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Goldman Sachs' BRICs Pioneer To Retire This Year

Natasha Taghavi Reporter 6 February 2013

Goldman Sachs' BRICs Pioneer To Retire This Year

The chairman of Goldman Sachs Asset Management, Jim O’Neill, is retiring from the firm later this year, after 20 years of service.

The role of chairman of GSAM was specifically created for O'Neill, and therefore the firm does not expect to replace him.

O’Neill, who is based in London, joined Goldman Sachs in 1995 as a partner, taking on the roles of co-head of global economics research and chief currency economist.

In 2001 he was appointed head of global economics, commodities and strategy research, before taking up his current position as chairman of the asset management business three years ago. He is also involved in a number of non-profit organizations specializing in education.

Much of O’Neill’s research has focused on identifying economic trends, most notably perhaps defining the concept of BRICs.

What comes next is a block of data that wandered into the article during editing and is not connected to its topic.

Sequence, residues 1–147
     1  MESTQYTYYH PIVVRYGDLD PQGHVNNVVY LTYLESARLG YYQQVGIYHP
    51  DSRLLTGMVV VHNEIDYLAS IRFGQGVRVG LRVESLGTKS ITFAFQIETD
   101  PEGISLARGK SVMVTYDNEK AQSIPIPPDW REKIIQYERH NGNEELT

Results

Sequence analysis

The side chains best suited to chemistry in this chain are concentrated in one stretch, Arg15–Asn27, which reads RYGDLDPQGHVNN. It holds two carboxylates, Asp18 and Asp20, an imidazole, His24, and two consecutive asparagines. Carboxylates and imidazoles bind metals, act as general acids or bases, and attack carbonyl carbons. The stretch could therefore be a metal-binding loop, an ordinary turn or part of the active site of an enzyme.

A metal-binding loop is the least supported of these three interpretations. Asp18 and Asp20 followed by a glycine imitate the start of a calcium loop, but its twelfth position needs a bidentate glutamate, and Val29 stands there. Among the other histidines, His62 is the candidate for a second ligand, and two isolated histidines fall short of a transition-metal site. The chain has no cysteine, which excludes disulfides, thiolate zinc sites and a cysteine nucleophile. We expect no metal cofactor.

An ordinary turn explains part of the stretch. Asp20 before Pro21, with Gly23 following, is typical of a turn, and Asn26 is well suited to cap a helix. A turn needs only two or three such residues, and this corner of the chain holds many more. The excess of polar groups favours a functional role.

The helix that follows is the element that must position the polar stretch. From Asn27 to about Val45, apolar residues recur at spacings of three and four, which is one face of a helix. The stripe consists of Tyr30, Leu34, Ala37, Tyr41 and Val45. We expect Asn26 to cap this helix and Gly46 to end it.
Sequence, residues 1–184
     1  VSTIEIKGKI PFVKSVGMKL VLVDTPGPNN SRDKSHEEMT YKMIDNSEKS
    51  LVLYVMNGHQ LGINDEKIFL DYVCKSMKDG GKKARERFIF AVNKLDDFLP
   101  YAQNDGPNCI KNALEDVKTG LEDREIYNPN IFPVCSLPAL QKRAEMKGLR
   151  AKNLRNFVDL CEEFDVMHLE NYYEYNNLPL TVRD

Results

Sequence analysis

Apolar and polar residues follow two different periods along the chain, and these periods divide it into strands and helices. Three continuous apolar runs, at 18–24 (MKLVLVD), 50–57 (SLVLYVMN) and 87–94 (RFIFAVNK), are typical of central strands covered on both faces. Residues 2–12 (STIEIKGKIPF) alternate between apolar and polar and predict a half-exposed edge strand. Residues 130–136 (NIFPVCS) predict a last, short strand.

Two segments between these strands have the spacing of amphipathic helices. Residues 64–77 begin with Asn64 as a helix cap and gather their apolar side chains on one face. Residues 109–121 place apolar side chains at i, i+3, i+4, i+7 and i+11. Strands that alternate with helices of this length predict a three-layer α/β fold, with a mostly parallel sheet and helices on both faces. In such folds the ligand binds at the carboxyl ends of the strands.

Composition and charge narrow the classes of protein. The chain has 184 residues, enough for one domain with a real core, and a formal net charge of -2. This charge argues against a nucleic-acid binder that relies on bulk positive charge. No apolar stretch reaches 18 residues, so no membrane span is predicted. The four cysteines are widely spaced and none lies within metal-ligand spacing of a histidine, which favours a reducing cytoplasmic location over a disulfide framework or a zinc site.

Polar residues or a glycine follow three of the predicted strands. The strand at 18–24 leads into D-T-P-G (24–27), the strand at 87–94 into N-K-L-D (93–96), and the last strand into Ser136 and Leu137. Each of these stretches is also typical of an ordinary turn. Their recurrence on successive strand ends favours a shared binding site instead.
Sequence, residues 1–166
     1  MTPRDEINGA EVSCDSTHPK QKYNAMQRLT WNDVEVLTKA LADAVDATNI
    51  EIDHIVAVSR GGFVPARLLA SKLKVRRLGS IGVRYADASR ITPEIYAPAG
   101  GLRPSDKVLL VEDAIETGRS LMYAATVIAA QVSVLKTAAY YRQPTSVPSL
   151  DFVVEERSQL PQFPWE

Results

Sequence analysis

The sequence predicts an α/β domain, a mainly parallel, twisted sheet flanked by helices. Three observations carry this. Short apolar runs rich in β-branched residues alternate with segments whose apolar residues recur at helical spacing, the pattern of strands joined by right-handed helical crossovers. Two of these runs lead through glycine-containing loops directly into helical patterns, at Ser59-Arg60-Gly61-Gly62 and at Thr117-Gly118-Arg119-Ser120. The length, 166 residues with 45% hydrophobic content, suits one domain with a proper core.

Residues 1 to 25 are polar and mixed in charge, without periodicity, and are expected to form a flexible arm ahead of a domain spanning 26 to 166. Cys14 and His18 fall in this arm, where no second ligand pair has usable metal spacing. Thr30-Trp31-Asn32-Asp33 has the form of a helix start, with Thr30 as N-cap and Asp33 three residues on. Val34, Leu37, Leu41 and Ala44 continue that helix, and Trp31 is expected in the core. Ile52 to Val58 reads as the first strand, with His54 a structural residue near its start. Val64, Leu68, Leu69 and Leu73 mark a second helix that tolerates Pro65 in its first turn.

“Jim’s BRIC thesis has challenged conventional thinking about emerging markets and, as a result, has had a significant economic and social impact,” Lloyd Blankfein, chairman and chief executive of Goldman Sachs, and Gary Cohn, president and chief operating officer, said in a joint statement.

In other recent developments, last month Goldman Sachs reported net revenues of $34.16 billion and net earnings of $7.48 billion for the year ended December 31, 2012, up from $28.8 billion and $4.4 billion respectively.

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